There is a way to be a pangloss without being pervicacious or a pain in the ass. You do not have to be zany and zydeco to do it. Lilly Winwood has not just mastered this elusively realistic Micawberian magic but transfused and distilled it into sound to a degree that makes the personality of Talking Walls one of celebratory chips in the paint. It sounds like county fairs, heirloom quilts, timber forests, tinker tales, and boxcars. From start to finish, these songs have a tactile presence and a smile like a canyon, sometimes even one that the hitchhiker part of her heart might have died in a time or two. It is an album rife with unforgettable portraits of nights a-blur with epiphany, little bits of personal paleontology, fossils of found feelings and freeing forms telling tales about the polling stations of Winwood’s maturity odyssey in sentence strategies that are anything but blank ballots. Her abiding love of books is strikingly evident in all of her songs and appears most enjoyably in little window-stories occurring inside her unfolding indirect narratives.

QRO enjoyed a morning of coffee-fueled cogitations with Winwood on everything from Talking Walls to how to turn life’s foofaraw into funambulism when you must. Lady W. dazzled with her humble elegance across the board and was found to be totally impossible to epithesize. You need long words with built-in libraries if you want to describe this Dame Flower and her narrative artistry. Here are a few of this doting dandelion’s best attempts:

It was vital to me during those darker early days of uncertainty to have something that I felt was stable and normal in my life, like a regular job that kept me busy and as organically connected to people as any of us could be at that time.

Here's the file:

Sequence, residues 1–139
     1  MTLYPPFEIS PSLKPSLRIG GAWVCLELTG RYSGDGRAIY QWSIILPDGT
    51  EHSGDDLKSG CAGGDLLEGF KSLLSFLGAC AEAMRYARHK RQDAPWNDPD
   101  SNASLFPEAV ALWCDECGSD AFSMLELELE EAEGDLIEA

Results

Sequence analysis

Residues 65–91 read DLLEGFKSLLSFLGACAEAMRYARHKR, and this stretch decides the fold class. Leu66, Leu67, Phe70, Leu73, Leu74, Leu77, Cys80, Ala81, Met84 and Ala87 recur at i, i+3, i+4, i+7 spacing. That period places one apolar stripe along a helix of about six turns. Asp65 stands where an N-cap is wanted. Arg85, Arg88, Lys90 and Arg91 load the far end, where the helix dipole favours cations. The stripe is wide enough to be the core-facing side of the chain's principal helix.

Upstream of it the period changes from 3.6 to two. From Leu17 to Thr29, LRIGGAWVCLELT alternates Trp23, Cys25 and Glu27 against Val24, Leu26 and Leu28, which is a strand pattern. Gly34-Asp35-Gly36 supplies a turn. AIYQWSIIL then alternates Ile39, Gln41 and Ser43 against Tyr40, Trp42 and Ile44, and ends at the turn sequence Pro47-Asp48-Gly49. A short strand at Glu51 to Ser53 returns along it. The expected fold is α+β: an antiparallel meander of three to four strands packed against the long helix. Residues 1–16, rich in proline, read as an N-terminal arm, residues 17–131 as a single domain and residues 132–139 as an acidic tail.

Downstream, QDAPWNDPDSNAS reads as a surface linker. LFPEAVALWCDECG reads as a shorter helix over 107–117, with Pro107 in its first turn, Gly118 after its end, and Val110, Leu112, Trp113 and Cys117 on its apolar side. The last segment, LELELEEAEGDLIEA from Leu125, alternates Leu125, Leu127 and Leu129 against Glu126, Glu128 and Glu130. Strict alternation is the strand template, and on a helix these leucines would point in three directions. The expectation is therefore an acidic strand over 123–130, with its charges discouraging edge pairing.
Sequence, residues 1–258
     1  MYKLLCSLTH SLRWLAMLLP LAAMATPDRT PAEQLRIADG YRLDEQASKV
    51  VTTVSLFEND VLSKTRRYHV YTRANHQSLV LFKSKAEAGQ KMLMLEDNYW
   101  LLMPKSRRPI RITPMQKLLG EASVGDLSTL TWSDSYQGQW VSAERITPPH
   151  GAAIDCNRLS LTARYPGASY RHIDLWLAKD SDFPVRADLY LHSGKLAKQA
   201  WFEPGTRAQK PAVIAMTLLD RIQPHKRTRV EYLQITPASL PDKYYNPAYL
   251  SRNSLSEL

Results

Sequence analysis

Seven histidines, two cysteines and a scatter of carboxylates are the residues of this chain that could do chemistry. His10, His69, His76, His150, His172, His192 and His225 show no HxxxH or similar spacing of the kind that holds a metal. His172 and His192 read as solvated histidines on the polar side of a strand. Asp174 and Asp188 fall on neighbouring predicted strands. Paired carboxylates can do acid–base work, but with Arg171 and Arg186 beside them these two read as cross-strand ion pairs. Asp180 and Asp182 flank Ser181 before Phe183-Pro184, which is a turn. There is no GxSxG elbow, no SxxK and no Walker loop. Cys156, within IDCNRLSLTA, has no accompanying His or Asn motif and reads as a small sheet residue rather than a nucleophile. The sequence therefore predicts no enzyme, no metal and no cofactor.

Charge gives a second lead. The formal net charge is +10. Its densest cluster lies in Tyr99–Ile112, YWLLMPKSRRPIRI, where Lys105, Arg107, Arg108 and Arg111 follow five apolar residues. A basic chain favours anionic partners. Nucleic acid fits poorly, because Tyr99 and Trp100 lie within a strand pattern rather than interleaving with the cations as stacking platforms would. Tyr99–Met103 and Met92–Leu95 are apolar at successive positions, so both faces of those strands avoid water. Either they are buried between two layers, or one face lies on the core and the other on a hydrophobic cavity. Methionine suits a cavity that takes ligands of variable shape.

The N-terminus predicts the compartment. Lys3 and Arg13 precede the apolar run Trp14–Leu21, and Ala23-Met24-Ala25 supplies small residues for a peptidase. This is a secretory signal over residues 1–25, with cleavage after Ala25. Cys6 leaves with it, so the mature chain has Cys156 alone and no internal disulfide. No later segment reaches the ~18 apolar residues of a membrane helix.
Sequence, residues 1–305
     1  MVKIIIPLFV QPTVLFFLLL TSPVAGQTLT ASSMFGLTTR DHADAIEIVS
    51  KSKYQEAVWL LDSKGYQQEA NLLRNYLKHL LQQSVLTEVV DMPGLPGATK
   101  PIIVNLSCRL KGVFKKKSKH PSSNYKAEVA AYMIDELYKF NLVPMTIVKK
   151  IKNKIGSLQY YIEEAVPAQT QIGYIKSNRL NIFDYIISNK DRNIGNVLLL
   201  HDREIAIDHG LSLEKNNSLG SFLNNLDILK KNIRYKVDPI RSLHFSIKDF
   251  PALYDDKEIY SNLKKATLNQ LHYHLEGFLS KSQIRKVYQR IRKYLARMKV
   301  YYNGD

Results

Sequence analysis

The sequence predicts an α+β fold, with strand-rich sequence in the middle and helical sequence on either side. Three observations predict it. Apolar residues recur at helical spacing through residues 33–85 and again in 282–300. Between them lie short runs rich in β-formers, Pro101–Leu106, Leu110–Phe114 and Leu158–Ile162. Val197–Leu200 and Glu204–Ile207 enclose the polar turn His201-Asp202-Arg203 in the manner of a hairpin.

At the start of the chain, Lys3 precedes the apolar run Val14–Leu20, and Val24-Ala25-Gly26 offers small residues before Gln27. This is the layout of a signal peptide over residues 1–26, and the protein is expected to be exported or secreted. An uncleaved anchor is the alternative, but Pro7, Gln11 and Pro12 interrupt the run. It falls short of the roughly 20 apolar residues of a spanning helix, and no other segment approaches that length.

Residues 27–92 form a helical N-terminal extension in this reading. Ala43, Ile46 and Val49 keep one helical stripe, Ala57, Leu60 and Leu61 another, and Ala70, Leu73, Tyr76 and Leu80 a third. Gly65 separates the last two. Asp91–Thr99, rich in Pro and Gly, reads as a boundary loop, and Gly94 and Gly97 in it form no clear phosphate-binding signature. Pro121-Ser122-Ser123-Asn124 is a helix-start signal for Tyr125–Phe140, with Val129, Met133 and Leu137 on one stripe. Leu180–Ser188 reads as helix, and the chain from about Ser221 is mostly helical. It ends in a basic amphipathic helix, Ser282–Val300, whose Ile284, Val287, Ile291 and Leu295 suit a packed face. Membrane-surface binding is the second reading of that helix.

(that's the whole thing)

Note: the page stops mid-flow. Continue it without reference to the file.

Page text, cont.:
QRO: You have been a working songwriter and performer far longer than a lot of people realize. You had the Silver Stage EP in 2017, your Time Well Spent full-length in 2021, and now Talking Walls. Tell me your career’s most frightening or trying moment followed by its most victorious/proud thus far.

Lilly Winwood: That’s a fantastic question. I have been so lucky to get to tour around the world and experience that shared energy with audiences, which is what this is all about–that connection we can build together through the music. It’s funny now because I look back at things I wrote when I was so much younger and it can embarrass you because of course you are writing about the same things that everyone is, your first love and diaristic things like that. Your mindsets, concerns, and perspectives change so much as you gain experience, and I can really hear that in my older music.